Coastal lagoons ecosystems, while representing benefits for the local populations, have been subjected to high anthropogenic pressures for decades. Hence, conservation measures of these ecosystems are urgently needed and should be combined with their sustainable uses. To address these issues, new research avenues for decision support systems have emphasized the role of the assessment of ecosystem services for establishing conservation priorities by avoiding monetarization approaches. These approaches, because they flatten the various values of nature by projecting them on the single monetary dimension, are often rejected by the stakeholders. We undertake a Q analysis to identify levels of consensus and divergence among stakeholders on the prioritization of ecosystem services provided by two French Mediterranean coastal lagoons areas. The results highlighted that there is a strong consensus among categories of stakeholders in the study sites about the paramount importance of regulation and maintenance services. Three groups of stakeholders, each sharing the same points of view regarding ecosystem services conservation, were identified for each study site. As a non-monetary valuation, Q methodology is very instrumental for the new pluralistic approach of decision support by capturing the values expressed by the stakeholders, without triggering a rejection reflex due to the monetarization.
In 2002 we published a paper in which we used state space time series methods to analyse the teenage employment-federal minimum wage relationship in the US (Bazen and Marimoutou, 2002). The study used quarterly data for the 46 year period running from 1954 to 1999. We detected a small, negative but statistically significant effect of the federal minimum wage on teenage employment, at a time when some studies were casting doubt on the existence of such an effect. In this note we re-estimate the original model with a further 16 years of data (up to 2015). We find that the model satisfactorily tracks the path of the teenage employment-population ratio over this 60 year period, and yields a consistently negative and statistically significant effect of minimum wages on teenage employment. The conclusion reached is the same as in the original paper, and the elasticity estimates very similar: federal minimum wage hikes lead to a reduction in teenage employment with a short run elasticity of around – 0.13. The estimated long run elasticity of between – 0.37 and – 0.47 is less stable, but is nevertheless negative and statistically significant.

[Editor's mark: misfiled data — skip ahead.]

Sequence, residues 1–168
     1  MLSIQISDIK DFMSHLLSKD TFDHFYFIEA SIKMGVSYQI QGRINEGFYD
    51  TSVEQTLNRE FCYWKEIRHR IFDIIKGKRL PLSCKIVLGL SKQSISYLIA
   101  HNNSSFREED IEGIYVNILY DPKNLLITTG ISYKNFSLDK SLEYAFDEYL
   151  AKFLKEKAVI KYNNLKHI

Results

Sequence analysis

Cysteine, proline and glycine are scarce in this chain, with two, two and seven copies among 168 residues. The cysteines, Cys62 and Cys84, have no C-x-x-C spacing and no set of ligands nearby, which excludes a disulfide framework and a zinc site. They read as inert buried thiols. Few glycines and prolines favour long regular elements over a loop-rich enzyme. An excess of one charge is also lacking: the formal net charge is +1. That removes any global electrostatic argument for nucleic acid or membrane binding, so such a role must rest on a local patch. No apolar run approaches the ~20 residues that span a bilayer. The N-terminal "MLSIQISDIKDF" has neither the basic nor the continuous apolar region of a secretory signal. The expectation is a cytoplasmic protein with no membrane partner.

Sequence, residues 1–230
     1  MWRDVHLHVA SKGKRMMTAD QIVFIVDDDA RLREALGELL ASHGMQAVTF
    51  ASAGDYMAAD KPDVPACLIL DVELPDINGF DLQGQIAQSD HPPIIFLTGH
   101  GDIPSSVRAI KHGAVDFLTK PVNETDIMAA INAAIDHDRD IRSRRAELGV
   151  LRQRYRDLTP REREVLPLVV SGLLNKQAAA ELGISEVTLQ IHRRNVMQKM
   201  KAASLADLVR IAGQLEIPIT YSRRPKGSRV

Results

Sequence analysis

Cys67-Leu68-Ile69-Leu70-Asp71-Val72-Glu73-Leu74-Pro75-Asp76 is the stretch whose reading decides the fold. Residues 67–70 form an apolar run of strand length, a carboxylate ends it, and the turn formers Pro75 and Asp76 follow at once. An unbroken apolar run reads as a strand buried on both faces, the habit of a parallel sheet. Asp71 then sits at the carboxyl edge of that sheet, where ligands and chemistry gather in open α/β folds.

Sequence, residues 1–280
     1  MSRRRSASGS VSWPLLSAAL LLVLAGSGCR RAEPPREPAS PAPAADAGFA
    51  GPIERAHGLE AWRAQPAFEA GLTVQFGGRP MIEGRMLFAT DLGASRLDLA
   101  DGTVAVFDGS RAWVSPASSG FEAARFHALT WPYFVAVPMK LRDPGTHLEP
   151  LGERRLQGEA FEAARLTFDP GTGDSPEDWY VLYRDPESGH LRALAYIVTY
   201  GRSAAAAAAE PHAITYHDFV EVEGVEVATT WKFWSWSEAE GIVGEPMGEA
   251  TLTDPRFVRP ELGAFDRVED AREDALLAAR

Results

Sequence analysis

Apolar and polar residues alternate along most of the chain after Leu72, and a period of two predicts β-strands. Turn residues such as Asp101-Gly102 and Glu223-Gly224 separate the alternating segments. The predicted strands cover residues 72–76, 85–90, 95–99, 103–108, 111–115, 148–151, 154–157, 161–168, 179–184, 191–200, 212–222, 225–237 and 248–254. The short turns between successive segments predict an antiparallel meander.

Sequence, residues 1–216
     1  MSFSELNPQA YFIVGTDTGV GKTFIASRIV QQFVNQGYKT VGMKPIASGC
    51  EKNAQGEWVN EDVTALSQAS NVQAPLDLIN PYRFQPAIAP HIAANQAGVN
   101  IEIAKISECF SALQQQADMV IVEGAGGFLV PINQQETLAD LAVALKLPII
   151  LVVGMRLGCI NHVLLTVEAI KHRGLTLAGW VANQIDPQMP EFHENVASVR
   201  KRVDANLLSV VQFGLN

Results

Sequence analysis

We consider a network game with local complementarities. A policymaker, aiming at minimizing or maximizing aggregate effort, contracts with a single agent on the network to trade effort change against transfer. The policymaker has to find the best agent and the optimal contract to offer. Our study shows that for all utilities with linear best-responses, it only takes two statistics about the position of each agent on the network to identify the key player: the Bonacich centrality and the self-loop centrality. We also characterize key players under linear quadratic utilities for various contractual arrangements.
In this article, a misspecification test in conditional volatility and GARCH-type models is presented. We propose a Lagrange Multiplier type test based on a Taylor expansion to distinguish between (G)ARCH models and unknown GARCH-type models. This new test can be seen as a general misspecification test of a large set of GARCH-type univariate models. It focuses on the short-term component of the volatility. We investigate the size and the power of this test through Monte Carlo experiments and we compare it to two other standard Lagrange Multiplier tests, which are more restrictive. We show the usefulness of our test with an illustrative empirical example based on daily exchange rate returns.